Tillie Creek is shaded by numerous stands of scrub oak, which also affords separation from the neighbors. The creek is still running, but the near-record rains weakened bridges to other parts of the campground, thus closing them to motorized traffic. There are three bathrooms. Bring your own sunshower, that plastic refillable bag with a rope on one end and a nozzle at the other. Great for a cool down or a clean up. For privacy, hang it up in the shower area of the bathroom. Another wonderful campground is Boulder Gulch. It has an almost Japanese garden aesthetic, with giant rounded rocks naturally displayed in groupings, with wide spaces between them to segregate their serenity. And, water for reflecting and basking and bathing, though if blue-green algae is present, don't go in. Look for horizontal "bathtub rings" along the water's edge as evidence that the Whitney runoff is abating. Just across the 155 is Hungry Gulch campground, which has numerous scrub oaks and is extensively used by summer weekenders.

The Auxiliary Dam at the south end of the lake, bordered by the 178, is one of two exceptions to the free day-use policy, with a $10 charge whether you stay for the day and/or spend the night. The roads are mostly hard-packed dirt and navigable by even the largest motor home. Vegetation and picnic tables are sparse, and porta-potties dot the landscape. There's lots of lakeside parking, and a special, quiet cove lies at the north end of the road.
Old Isabella/South Fork Recreation Area, just up from the Auxiliary Dam, offers free camping year round with the Southern Sierra Pass, Annual, Senior or Access Passes.

Paradise Cove, down by the water's edge, is like a parking lot for giants. In fact, there are 80 RV sites there, with 58 family camping sites just upslope, rimmed by the 178. Those sites are equipped with benches, fire rings and plenty of trees. The algae bloom is keeping swimmers, fisherpersons and pets out of the water. Dinner, drinks and a room are available upslope for those in need.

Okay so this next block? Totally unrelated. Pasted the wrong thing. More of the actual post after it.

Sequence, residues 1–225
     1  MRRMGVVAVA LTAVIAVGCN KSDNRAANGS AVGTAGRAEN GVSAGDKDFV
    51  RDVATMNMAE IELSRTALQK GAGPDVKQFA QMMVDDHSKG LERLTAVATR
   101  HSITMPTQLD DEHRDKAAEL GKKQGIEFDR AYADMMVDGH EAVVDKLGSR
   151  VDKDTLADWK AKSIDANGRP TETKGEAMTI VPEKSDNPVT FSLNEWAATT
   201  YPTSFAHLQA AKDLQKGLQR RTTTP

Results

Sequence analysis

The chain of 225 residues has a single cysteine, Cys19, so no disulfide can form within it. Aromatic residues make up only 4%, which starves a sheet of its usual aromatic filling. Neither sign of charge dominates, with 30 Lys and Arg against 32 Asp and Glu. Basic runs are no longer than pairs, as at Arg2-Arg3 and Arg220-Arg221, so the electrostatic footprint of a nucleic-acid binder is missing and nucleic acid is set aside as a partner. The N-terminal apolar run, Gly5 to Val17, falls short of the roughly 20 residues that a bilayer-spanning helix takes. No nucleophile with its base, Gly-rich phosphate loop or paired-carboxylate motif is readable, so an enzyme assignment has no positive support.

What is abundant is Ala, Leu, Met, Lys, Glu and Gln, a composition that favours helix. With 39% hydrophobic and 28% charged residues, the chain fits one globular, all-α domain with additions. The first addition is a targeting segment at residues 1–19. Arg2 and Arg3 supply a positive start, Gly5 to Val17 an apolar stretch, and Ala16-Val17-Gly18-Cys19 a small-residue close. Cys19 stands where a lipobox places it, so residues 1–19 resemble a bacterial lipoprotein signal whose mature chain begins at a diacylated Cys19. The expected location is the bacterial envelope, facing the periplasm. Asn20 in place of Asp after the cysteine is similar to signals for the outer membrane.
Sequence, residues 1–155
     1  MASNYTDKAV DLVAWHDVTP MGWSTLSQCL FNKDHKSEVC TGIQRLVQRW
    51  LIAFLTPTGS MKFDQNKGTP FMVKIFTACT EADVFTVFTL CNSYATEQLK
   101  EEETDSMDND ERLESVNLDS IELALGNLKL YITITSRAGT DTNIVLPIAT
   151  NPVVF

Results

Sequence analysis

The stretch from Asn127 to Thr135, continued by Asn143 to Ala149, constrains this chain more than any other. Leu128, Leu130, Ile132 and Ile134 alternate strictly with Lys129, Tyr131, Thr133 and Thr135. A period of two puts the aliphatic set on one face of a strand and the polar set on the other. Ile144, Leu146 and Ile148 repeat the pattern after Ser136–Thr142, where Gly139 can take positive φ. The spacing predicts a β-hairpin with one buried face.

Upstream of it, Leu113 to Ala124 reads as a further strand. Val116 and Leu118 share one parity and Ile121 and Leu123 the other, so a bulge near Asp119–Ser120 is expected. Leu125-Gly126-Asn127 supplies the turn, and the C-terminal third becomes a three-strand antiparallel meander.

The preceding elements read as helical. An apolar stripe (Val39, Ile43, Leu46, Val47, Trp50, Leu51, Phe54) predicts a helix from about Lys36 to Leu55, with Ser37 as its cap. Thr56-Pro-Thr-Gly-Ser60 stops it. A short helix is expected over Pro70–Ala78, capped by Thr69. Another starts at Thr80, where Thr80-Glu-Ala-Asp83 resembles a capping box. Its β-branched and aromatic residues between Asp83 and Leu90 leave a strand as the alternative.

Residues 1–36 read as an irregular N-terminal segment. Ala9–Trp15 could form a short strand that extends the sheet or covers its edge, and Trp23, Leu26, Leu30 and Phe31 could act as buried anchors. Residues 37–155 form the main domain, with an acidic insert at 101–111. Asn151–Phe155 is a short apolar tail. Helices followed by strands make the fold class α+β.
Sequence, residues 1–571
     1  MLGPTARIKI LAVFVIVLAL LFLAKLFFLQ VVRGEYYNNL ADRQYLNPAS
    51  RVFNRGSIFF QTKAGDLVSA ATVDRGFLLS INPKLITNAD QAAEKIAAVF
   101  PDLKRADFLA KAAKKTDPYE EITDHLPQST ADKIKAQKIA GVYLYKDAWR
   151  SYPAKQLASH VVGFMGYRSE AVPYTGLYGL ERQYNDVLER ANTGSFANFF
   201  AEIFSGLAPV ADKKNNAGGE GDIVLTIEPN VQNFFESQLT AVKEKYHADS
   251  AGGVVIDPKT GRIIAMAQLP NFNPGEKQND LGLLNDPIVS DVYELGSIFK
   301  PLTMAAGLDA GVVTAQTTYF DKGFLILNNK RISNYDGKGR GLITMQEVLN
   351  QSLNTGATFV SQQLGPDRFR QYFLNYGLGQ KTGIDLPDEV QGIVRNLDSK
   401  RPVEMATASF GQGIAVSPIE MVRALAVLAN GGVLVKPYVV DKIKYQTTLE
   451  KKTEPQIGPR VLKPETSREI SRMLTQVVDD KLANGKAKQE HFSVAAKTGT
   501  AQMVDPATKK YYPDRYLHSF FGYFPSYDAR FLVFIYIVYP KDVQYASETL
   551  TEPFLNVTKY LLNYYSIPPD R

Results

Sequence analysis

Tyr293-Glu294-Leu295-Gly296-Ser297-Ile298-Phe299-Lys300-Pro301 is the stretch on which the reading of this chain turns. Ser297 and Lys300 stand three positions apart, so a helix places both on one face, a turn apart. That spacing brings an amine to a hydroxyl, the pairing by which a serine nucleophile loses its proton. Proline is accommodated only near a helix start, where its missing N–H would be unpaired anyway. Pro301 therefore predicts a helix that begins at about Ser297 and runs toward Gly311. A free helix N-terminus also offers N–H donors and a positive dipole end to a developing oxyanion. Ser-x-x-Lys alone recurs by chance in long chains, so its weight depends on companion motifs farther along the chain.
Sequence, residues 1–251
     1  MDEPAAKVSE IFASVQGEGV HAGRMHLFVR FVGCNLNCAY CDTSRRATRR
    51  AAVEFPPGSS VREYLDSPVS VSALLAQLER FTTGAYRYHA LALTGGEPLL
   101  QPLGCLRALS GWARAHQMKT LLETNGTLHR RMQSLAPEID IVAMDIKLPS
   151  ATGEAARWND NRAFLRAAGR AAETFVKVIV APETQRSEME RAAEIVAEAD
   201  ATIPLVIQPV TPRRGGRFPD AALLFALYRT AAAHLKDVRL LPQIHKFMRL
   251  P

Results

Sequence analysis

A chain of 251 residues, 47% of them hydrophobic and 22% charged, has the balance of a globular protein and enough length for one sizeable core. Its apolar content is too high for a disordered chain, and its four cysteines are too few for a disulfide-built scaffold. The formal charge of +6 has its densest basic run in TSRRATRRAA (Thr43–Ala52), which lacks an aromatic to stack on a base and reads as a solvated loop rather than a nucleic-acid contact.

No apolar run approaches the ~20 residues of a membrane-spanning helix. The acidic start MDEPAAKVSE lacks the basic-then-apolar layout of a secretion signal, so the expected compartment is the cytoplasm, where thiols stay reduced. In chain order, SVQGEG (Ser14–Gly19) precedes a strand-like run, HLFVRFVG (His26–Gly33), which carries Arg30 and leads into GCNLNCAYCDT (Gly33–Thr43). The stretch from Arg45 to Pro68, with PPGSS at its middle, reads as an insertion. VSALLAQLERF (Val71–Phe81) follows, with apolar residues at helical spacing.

Swinging around to the North side of the lake on Sierra Way are two undeveloped free use areas, Hanning Flat and Stine Cove. Serviceable dirt roads criss-cross Hanning Flat until you get close to the favorite viewing destination known variantly as Rabbit Rocks or Rabbit Island (depending on lake level) when it becomes deep sand, impassable except by four-wheelers or feet. Stine Cove is just west of Hanning Flat.

We finish up the lake tour with Camp Nine, where Sierra Way turns North. It has fewer trees, and a small part of this large site was prescriptively burned. A $10 pass is required for day use.

Keysville South is a free site and, like all the other campgrounds, subject to a 14 day limit.

Local campgrounds continue up Mountain 99, starting with Headquarters and on to the Johnsondale Bridge, and on beyond there. And more as you travel south on the old road towards Bakersfield.

There are four privately run campgrounds, three of which are in the Kernville area: Camp Kernville, off Sirretta Street; Frandy Park, across the river from Riverside Park; and Camp James, up Sierra Way. The fourth is the KOA in Weldon.

So, become a tourist in your own home town.